CUC releases third quarter results

Electricity sales for Caribbean Utilities Company showed an increase in net earnings of 22 per cent, or US$1.2 million, in its third quarter 2009 results.

The power company’s net earnings for that period were US$6.6 million.

However, CUC’s net earnings for the first nine months of the years totalled US$14.1 million – down 7 per cent or US$1 million compared to the same period in 2008.

President and CEO of CUC Richard Hew said, ‘We expect to see weak or no growth in sales through 2009 and into 2010. The company has reduced capital and other expenditures to mitigate the impact of flat sales on future financial results.’

According to the company, its three-month earnings were positively affected by higher sales compared to 2008 and a rate increase of 2.4 per cent introduced in June this year.

In a statement on the results, CUC said that during the nine month period ended September 30, 2009, earnings were adversely affected by a contraction in sales due to cooler and wetter than usual weather during the first six months of 2009 and by slowed economic growth on the island.

The company sold 153.3 million kiloWatt hours of electricity in the three months ending September 30, 2009, compared to 145.8 million kWh for the three months ended October 31, 2008; an increase of 5 per cent. For the nine months ended September 30, 2009, electricity sales declined by 2 per cent to 415.6 kWh, compared to 423.6 kWh for the nine months ended October 31, 2008.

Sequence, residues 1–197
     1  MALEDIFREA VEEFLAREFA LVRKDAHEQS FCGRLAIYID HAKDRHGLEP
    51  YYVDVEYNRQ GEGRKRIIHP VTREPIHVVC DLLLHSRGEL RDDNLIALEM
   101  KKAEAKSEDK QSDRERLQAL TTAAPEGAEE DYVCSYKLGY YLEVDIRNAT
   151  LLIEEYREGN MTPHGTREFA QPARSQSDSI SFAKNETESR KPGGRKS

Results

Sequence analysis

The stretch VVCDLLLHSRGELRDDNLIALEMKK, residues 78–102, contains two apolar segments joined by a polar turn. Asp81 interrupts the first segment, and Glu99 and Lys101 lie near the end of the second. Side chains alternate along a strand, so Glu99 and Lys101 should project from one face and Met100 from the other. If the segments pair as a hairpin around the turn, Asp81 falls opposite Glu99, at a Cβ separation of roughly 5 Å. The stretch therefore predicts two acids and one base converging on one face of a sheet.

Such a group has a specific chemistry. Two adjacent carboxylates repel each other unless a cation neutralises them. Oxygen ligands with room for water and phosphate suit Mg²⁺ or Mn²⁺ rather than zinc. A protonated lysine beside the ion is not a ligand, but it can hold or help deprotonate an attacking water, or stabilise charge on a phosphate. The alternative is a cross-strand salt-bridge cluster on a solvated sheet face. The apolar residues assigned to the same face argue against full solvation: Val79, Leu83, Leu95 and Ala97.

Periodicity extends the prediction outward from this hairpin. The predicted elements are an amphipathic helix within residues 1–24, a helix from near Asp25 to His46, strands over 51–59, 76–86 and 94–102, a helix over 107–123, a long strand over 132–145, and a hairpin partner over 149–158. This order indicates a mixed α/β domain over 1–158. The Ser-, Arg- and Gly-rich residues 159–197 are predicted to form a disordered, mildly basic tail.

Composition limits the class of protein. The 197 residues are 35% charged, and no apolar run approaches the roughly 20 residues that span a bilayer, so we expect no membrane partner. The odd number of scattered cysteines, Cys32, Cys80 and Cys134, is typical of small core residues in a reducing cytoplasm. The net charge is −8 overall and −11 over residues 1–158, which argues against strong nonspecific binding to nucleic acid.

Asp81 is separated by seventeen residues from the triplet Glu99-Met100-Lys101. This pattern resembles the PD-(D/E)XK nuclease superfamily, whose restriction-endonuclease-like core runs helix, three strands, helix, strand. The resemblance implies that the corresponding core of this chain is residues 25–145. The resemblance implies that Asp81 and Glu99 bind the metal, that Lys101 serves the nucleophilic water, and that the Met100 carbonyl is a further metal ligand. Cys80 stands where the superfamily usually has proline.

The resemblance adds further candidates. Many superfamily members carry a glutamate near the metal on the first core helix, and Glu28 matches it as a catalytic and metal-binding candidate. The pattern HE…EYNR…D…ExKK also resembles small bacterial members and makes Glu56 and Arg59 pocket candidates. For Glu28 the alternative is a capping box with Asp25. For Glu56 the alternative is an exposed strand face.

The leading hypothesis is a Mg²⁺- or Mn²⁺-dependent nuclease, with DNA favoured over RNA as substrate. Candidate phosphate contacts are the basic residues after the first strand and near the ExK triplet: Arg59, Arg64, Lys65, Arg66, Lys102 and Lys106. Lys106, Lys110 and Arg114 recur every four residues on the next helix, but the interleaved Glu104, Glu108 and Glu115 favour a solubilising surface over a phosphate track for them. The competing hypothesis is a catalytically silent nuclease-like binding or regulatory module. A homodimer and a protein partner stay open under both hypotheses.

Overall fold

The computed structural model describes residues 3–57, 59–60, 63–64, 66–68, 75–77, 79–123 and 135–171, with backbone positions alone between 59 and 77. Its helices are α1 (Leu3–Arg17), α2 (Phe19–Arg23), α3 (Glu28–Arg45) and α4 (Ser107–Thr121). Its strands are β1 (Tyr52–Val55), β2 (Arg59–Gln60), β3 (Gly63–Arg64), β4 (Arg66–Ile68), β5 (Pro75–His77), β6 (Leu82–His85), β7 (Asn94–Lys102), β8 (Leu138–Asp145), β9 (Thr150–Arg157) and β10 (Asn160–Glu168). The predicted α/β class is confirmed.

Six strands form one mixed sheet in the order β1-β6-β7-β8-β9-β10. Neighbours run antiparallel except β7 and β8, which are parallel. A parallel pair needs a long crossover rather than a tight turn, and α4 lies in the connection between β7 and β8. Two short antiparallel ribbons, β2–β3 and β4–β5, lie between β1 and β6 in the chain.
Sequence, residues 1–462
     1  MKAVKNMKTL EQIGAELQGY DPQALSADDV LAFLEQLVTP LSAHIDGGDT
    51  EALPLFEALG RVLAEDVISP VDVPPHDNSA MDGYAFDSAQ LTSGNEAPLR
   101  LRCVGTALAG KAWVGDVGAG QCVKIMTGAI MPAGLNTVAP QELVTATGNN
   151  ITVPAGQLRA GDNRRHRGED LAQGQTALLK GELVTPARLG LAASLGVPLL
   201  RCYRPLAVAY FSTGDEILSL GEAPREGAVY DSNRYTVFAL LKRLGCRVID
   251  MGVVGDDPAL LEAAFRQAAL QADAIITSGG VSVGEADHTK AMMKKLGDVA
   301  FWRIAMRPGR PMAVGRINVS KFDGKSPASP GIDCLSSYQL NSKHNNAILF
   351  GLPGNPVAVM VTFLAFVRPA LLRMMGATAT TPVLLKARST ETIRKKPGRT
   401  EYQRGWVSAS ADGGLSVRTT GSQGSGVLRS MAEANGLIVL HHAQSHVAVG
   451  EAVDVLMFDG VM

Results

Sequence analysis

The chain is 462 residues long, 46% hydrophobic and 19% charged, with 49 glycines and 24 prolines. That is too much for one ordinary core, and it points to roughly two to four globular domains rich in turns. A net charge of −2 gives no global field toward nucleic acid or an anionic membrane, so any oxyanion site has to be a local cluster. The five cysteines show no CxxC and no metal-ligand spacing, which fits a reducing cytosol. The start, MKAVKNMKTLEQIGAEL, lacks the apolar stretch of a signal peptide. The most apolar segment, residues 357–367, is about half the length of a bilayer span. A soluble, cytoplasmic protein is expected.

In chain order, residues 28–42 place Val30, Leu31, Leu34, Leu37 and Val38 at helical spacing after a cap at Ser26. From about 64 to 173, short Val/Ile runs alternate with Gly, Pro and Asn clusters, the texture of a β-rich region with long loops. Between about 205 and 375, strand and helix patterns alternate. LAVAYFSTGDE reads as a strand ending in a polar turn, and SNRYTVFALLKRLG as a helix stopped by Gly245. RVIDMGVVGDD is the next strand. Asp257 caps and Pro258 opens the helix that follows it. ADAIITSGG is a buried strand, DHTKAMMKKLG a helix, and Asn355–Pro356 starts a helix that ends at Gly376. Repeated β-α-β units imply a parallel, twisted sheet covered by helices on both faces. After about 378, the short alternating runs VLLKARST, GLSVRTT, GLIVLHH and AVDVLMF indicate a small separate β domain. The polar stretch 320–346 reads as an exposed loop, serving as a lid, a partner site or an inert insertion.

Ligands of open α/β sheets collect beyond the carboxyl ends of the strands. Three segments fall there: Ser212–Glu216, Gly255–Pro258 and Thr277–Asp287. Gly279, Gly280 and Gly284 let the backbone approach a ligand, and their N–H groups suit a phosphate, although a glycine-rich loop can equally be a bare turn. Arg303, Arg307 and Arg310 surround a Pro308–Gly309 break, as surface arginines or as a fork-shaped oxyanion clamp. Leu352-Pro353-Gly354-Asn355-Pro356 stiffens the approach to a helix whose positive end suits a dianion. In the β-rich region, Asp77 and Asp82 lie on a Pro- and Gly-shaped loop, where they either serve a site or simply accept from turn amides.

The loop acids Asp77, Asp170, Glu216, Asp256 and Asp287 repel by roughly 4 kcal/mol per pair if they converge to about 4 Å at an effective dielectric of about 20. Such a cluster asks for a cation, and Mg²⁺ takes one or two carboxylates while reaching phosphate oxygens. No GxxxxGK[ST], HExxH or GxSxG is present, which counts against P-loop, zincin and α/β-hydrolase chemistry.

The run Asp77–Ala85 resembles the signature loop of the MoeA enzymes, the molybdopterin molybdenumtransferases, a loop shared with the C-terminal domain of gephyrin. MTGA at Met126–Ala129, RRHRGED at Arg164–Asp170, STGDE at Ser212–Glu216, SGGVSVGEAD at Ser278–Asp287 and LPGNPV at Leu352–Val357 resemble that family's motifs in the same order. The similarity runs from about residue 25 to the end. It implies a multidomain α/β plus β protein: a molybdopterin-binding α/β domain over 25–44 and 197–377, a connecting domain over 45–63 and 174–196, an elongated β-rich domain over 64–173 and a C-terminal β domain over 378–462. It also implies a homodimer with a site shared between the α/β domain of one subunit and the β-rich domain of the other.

CUC announced last year it was changing its financial year end from April 30 to December 31, so is comparing figures with the nearest, previously reported period in 2008.

The company said that while electricity sales were adversely affected by the wetter and cooler than average weather throughout the first half of 2009, they were positively affected by higher temperatures in July and August when a new peak load of 97.5 megawatts was recorded.

Also affecting the sales variance is the comparison of two differing periods.

The company advised the Cayman Islands Electricity Regulatory Authority in September that, based on revised lower growth forecasts, there was no longer a need to proceed with the previously announced bid for 32 MW of generation capacity; 16 MW in 2012 and an additional 16 MW in 2013. The ERA has since cancelled the solicitation and will commence a new solicitation when growth rebounds and CUC’s demand forecast confirms the need for additional capacity.

Following the announcement of the solicitation cancellation, CUC submitted a revised Capital Investment Plan to the ERA forecasting expenditures of $157 million for the 2010 to 2014 period. The ERA approved the company’s 2009 CIP of $47.7 million.

CUC says the revised five-year CIP is in line with lower growth forecasts.

During the third quarter of 2009, the company closed the second tranche, in the amount of $10 million, of a private placement of 7.5 per cent Senior Unsecured Notes in the total amount of $40 million.

‘With the availability of this capital and the delay of additional generation capacity, the company is positioned to weather the current economic circumstances,’ Mr. Hew said.

He added: ‘While the slowed economy on the island presents challenges to our business, we remain confident that we will be able to meet those challenges and preserve shareholder value.’